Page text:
"The difficulties of interpretation are exceedingly enhanced by one circumstance, not unusual in other such writings of Goethe's; namely, that this is no Allegory; which, as in the Pilgrim's Progress, you have only once for all to find the key of, and so go on unlocking: it is a Phantasmagory, rather; wherein things the most heterogeneous are, with homogeneity of figure, emblemed forth: which would require not one key to unlock it, but, at different stages of the business, a dozen successive keys." Here you have epochs of time sha dowed forth, there Qualities of the Humar
English readers! the first certainty is gether indubitable; the second certainty is not worth a rush.
That same Mährchen aller Mährchen you may see with your own eyes, at this hour, in the Fifteenth Volume of Goethe's Werke; and seeing is believing. On the other hand, that English "Tale of Tales," put forth some years ago as the Translation thereof, by an individual connected with the Periodical Press of London, (his Periodical vehicle, if we remember, broke down soon after, and was rebuilt, and still runs, under the name of Court Journal,)—was a Translation, miserable enough, of a quite different thing; a thing, not a Mährchen (Fabulous Tale) at all, but an Erzählung or common fictitious Narrative; having no manner of relation to the real piece, (beyond standing in the same volume;) not so much as Milton's Tetrachordon of Divorce has to his Allegro and Penseroso! In this way do individuals connected with the Periodical Press of London play their part, and commodiously befool thee, O Public of English readers, and can serve thee with a mass of roasted grass, and name it stewed venison; and will continue to do so, till thou-open thy eyes, and from a blind monster become a seeing one.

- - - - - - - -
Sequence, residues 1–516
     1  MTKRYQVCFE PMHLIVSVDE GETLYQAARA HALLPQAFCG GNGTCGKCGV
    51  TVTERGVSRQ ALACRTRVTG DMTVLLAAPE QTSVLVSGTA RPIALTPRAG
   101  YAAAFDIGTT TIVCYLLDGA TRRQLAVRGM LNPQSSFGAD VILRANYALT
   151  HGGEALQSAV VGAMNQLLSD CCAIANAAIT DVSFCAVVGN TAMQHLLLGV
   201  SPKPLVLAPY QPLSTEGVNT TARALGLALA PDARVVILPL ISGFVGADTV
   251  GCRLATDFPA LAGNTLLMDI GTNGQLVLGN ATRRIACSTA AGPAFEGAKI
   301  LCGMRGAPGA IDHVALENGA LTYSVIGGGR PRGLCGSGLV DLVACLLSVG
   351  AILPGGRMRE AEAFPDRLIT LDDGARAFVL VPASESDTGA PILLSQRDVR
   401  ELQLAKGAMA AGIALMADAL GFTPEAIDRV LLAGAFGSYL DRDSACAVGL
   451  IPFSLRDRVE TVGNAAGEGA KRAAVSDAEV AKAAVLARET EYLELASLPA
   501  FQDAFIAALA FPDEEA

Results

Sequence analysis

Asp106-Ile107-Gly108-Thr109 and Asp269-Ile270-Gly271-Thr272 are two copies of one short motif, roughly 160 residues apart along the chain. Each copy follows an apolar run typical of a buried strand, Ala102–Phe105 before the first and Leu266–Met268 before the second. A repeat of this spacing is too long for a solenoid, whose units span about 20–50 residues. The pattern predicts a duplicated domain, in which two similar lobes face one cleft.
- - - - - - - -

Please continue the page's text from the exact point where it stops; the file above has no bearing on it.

This mistake we did not publicly note at the time of its occurrence; for two good reasons: first, that while mistakes are increasing, like Population, at the rate of Twelve Hundred a day, the benefit of seizing one, and throttling it, would be perfectly inconsiderable: second, that we were not then in existence. The highly composite, astonishing Entity, which here as "O. Y." addresses mankind for a season, still slumbered (his elements scattered over Infinitude, and working under other shapes) in the womb of Nothing! Meditate on us a little, O Reader: if thou wilt consider who and what we are; what Powers, of Cash, Esurience, Intelligence, Stupidity, and Mystery created us, and what work we do and will do, there shall be no end to thy amazement.
This mistake, however, we do now note; induced thereto by occasion. By the fact, namely, that a genuine English Translation of that Mährchen has been handed in to us for judgment; and now (such judgment having proved